Until the eighteenth century, most philosophical accounts of beauty sought to locate it in a beautiful object or its qualities. Augustine explicitly asks in his De Veritate Religione whether something is beautiful because it gives pleasure, but chooses the second option. Plato and Plotinus differed from Augustine by placing beauty within the realm of Forms, where one participates and experiences the forms. These views differ in their emphasis on the object’s qualities, while Schiller’s view emphasizes aesthetic qualities of a work of art.
Changing the definition of beauty is vital in today’s society. Moore writes in his article “The Business Case for Beauty” that people experience the world on an emotional level. The results of a recent survey by Temkin revealed that customers who have an emotional experience with a company are six times more likely to purchase from them again in the future, are 12 percent more likely to recommend them, and are five times more likely to forgive a company’s mistakes. Similarly, the role of beauty in today’s world is more important than ever.
The ancient treatments of beauty often pay tribute to the pleasures of beauty in ecstatic terms. Plotinus, for instance, wrote about the pleasures of beauty as “wonderment,” “delicious trouble,” “longing for love,” and “trembling,” describing all of these as the embodiment of pleasure. And yet, this doesn’t get to the heart of the matter: beauty is a personal experience, as a subjective experience.
The idea that beauty should do something unusual has long appealed to creative minds as diverse as Karl Lagerfeld. He wrote, “There is no exquisite beauty without some strangeness of proportion.” And today, many artists are embracing this idea of beauty in order to achieve a more serious purpose. So, the question is, does beauty make a person beautiful? It does. It may not be a good thing to be beautiful, but it will make you feel better.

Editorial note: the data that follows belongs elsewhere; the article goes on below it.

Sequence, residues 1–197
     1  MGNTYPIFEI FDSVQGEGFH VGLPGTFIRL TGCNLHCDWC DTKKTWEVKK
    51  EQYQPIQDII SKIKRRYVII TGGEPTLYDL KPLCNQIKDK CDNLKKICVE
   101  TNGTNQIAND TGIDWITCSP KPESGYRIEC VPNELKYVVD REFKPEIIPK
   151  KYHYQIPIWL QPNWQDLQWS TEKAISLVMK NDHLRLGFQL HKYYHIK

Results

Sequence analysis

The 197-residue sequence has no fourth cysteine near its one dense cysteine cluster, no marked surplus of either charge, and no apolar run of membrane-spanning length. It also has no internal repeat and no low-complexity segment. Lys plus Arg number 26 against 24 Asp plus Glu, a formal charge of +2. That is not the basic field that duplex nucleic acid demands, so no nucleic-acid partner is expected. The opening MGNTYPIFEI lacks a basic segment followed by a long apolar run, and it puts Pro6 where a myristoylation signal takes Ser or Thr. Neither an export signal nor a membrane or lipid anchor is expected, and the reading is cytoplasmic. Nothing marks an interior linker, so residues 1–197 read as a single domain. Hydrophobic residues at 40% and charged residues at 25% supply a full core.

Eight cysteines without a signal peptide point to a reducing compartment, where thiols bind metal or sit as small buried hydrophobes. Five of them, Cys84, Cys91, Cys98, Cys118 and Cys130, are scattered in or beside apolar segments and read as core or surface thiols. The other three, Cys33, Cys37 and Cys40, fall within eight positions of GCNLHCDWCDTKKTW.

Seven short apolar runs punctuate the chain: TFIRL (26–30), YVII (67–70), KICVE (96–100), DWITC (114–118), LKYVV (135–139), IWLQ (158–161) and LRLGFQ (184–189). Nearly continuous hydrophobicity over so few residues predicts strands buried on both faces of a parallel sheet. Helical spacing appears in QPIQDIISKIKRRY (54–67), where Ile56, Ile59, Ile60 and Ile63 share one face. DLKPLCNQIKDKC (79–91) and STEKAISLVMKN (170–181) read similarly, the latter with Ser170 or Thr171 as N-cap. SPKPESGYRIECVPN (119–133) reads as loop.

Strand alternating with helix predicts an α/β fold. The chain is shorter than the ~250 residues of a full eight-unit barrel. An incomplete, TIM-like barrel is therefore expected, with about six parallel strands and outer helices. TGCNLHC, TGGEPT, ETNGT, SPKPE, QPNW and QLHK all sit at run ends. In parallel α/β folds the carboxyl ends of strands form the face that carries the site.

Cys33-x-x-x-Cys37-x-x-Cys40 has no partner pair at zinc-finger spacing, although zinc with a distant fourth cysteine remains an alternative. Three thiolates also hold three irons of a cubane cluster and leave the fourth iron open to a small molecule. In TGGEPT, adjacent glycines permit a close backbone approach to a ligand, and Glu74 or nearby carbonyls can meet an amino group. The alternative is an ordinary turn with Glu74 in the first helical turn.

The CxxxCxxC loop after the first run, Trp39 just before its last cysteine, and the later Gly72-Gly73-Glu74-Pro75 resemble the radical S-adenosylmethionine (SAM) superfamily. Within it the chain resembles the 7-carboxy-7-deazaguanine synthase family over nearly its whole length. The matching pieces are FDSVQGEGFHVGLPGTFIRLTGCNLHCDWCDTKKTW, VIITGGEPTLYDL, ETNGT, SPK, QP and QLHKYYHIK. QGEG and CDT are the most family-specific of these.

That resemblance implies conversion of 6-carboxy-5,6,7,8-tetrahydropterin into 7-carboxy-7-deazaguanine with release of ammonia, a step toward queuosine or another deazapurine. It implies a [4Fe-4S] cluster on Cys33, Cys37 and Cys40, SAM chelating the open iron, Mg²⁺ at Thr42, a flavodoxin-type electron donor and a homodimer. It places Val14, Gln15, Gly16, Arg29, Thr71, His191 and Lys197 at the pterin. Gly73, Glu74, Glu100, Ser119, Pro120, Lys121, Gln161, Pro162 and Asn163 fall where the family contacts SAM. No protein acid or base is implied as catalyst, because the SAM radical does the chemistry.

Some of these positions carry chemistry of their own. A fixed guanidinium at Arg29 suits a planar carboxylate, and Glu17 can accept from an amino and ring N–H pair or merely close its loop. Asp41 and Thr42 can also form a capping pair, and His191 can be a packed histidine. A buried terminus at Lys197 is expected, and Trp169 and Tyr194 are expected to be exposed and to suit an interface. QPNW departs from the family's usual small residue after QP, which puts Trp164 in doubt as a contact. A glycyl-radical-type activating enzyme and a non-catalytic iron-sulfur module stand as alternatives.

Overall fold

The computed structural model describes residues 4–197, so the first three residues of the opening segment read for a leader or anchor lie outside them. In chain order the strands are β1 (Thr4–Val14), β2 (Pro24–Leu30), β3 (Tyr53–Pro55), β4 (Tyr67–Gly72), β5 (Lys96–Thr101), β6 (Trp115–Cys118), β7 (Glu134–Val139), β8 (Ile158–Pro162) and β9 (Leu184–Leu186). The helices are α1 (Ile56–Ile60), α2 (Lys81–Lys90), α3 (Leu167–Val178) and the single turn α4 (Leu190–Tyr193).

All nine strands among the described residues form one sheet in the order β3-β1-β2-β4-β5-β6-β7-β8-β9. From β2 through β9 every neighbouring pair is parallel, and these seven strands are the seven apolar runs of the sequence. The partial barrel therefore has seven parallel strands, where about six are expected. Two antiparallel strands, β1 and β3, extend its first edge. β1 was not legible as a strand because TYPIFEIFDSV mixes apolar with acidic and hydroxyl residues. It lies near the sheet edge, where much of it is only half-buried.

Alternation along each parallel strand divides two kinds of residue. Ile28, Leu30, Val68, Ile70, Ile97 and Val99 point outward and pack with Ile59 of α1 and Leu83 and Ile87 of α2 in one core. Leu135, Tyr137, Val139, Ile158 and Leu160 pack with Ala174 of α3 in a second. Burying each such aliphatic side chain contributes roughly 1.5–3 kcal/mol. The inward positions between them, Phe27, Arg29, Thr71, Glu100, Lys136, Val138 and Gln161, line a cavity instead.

When we look at a flower or a sunset, we rarely judge it; we simply observe the beauty. By practicing this kind of self-loving technique, you will learn how to look at yourself with a fresh pair of eyes. Ultimately, beauty is an expression of the viewer’s positive attitude and enjoyment. However, most twentieth-century philosophers left this question open to the question of what defines beauty, but they have associated it with its suitability for use.
In contrast, the ancient Greeks also believed in beauty, in spirit and form. Helen of Troy is remembered as the most beautiful woman in Greek mythology. Moreover, Greek architecture is based on proportion and symmetry. And, Plato was an individual who valued beauty. It’s no wonder that he became a dissident in classical culture. This philosophy helped shape the modern conception of beauty. It is a good thing that he fought for it.
The concept of beauty has been debated for centuries. Philosophers such as Hume and Kant have debated the definition of beauty. However, the reasons for a person’s opinion are often quite persuasive. In some cases, people may disagree with a person’s opinion, which can help one grow as a person. The key is to recognize what makes a person beautiful. If you have a strong sense of beauty, it may be a good idea to pursue this path.